Jan. 23 2017 11:29 AM

Deeply divided council, in search of leadership solution, has resulted to secret meetings which may violate state law

MONDAY Jan. 23 – A deeply divided City Council, searching for a solution to a leadership impasse, has been meeting secretly and likely violating Michigan’s Open Meetings Act to find solutions to break the impasse and move forward city business.

Council is divided into two factions. On one side sits Councilmembers at-large Kathie Dunbar and Patricia Spitzley. They are joined by Second Ward Councilmember Tina Houghton and Fourth Ward Councilmember Jessica Yorko. The other faction is made up of Councilmembers at-large Carol Wood and Judi Brown Clarke and Third Ward Councilmember Adam Hussain as well as First Ward Councilmember Jody Washington.

In public, the body has met three times since Jan. 9 to elect a new president and vice president. Despite “as many as 30” different nomination combination being put forward, the Council has failed to find a compromise leadership slate.

But in private, meeting during council recesses, in the bathrooms, offices, conference rooms and by phone, the Dunbar faction has fashioned its proposals to break the impasse, reaching out to other council members with its leadership and committee decisions.

“Oh, absolutely,” Yorko told City Pulse Friday evening when asked if this is what is happening.

The problem? This likely flies in the face of Michigan’s Open Meetings Act which requires all deliberations towards a policy decision by a public body to be conducted in an open meeting before the public. That’s the opinion of Patrick Wright, the vice president of legal affairs for the conservative think tank The Mackinac Center.

“They are supposed to do this stuff where the public can see it,” Wright said. “They have to debate this in public.”

The process being used is referred to as “round robin.”

He noted that the secret meetings are likely “where the horse trading” is happening to get to a deal.

Yorko said she is not worried the Council is violating the Open Meetings Act because the faction she is working is has been consulting with City Attorney Jim Smiertka. Smiertka did not respond to an email inquiry.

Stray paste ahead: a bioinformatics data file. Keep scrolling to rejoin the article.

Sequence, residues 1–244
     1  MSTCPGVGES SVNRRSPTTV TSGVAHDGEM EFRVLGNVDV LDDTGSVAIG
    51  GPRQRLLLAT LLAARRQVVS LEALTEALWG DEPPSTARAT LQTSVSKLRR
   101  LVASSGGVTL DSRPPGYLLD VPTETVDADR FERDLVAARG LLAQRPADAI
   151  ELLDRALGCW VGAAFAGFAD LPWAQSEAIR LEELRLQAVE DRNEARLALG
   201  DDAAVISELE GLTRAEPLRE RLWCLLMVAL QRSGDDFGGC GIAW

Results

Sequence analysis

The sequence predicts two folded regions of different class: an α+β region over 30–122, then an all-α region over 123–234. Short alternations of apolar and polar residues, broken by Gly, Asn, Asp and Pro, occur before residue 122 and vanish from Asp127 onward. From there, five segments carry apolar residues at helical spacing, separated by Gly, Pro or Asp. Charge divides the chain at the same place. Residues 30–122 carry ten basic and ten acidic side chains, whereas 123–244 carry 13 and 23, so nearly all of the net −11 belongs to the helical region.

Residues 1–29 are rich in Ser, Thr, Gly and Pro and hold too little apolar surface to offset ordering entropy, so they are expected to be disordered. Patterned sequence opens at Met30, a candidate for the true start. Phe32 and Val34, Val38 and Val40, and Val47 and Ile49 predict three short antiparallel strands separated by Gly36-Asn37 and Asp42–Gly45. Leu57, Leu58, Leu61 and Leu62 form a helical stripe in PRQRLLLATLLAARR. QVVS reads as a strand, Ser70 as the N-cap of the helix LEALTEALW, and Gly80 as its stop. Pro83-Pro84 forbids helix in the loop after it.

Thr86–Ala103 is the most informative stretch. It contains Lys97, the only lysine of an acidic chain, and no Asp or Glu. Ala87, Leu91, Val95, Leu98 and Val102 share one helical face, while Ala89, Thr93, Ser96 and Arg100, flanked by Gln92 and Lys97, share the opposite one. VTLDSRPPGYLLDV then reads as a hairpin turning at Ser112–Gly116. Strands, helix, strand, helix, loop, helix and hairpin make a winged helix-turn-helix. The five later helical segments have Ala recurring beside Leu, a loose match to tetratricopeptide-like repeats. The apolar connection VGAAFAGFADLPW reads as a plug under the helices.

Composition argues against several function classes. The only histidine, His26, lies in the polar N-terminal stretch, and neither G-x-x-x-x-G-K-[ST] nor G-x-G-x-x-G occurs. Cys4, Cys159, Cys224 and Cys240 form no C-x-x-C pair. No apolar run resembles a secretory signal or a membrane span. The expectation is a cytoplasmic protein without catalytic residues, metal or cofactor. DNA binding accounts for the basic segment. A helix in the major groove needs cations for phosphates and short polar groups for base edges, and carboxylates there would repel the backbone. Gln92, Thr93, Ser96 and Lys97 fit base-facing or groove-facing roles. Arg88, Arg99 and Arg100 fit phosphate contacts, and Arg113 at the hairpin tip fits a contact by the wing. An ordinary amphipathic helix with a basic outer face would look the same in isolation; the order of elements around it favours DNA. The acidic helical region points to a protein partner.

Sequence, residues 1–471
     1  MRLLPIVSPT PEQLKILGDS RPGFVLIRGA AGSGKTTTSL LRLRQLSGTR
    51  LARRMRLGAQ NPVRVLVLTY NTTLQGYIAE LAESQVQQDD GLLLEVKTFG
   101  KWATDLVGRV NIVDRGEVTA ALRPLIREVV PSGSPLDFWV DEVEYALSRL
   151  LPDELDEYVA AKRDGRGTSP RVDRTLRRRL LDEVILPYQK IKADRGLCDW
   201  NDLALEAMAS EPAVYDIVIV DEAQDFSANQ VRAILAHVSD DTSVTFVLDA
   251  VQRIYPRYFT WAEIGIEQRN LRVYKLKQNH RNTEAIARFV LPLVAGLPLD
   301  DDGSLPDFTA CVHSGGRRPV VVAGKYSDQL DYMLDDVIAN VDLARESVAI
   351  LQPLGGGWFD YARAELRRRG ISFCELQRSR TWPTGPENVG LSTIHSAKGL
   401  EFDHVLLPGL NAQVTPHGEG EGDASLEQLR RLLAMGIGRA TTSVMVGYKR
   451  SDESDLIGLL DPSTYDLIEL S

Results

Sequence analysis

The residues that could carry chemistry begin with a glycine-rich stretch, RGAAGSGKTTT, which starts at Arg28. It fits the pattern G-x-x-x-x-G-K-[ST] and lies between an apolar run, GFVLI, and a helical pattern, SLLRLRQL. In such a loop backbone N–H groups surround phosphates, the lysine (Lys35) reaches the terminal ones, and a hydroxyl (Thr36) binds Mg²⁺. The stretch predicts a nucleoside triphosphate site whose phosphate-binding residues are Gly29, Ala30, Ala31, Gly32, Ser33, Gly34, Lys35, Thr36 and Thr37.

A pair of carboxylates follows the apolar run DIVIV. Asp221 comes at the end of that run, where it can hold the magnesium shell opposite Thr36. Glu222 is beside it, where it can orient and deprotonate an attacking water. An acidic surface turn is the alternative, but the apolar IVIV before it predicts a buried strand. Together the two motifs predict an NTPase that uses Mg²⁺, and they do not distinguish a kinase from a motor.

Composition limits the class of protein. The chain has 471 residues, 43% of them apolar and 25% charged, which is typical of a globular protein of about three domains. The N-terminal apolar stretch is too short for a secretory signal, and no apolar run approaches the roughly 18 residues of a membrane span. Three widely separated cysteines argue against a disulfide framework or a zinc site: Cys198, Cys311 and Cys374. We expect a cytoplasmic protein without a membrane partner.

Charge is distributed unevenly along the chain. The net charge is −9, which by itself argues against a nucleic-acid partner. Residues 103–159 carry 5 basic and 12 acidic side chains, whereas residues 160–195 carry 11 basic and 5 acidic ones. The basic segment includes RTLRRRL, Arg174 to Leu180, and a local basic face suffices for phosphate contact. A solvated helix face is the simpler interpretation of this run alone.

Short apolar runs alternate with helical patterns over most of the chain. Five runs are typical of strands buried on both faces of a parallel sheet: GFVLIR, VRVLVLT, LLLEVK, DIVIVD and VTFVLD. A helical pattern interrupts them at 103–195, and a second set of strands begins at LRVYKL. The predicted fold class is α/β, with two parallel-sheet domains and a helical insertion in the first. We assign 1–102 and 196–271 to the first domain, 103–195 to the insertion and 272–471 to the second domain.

On Saturday, Brown Clarke said she was unaware of the strategy of the other faction.

“Based on what you are telling me, yes I think we might be violating the Open Meetings Act,” she said.

And over the weekend, some councilmembers indicated that such a deal may have been struck. That deal would land Spitzley in the presidency and Wood in the vice presidency and expand the Development and Planning Committee to a four-person committee – two people from each faction.

If in fact Council has come to that resolution, outside of a public meeting it too could be a violation of the Open Meetings Act.

The Development and Planning Committee has been a key sticking point in this leadership fight. The faction involved with Dunbar supports continuing the tax abatements and incentives process as it currently operates. The faction which involves Washington wants more oversight of tax incentives, including passage of a controversial open bidding ordinance. That ordinance would require developers receiving tax incentives to participate in a public bidding process and to open all bids in a public meeting. It’s opposed by the Lansing Regional Chamber of Commerce – which argues those provisions should be put in the universal master development agreements – and organized labor. With four councilmembers and the mayor up for re-election, they are not keen to trigger the ire of either group.

The Council will meet again tonight at 5:30. They will start the meeting with a closed session wherein Smiertka will provide an overview of the legal impacts the continued impasse may have on the city and city operations – such as public hearings to move developments ahead. The Open Meetings Act allows, but does not require, a public body to go into close session to consider a legal opinion. Some Councilmembers have indicated they would not be opposed to hearing the legal opinion in an open session so that the public could be aware of the legal stakes of the ongoing impasse. Following the closed session, the body will meet in public again and consider leadership choices, including the possible compromise leadership slate.

[00:09:15] Heywood: So my question though was have the the folks that you're working with Tina and Kathie and Pat have you all sort of made these proposals and said hey here's a solution we'll do this for leadership who will do this for the committees. And sent somebody to approach somebody in the other faction to say hey how is this proposal? [21.7]

[00:09:37] Yorko: Oh absolutely. [0.0]

[00:09:37] Heywood: Oh that has happened. [0.7]

[00:09:39] Yorko: Absolutely. [0.6]

[00:09:40] Heywood: How many times has that happened. [1.2]

[00:09:45] Yorko: I couldn't speak to the number of times, I don't know. [3.6]

[00:09:50] Heywood: Do you have any concerns that the open meetings Act is being violated. [2.9]

[00:09:55] Yorko: I'm pretty careful in checking with Jim Smiertka about how to handle all the conversations we;re having during this process. And you know be on the right Side of that regulation and so I have not witnessed or participated in anything that would indicate a problem. [25.3]

[00:10:22] Heywood: OK. So is there going to be a resolution Monday night. [5.5]

[00:10:30] Yorko: God willing. [0.2]

[00:10:31] Heywood: Is there a tentative leadership slate that you're aware of that may have the votes walking on Monday night. [6.2]

[00:10:39] Yorko: I don't want to jinx it.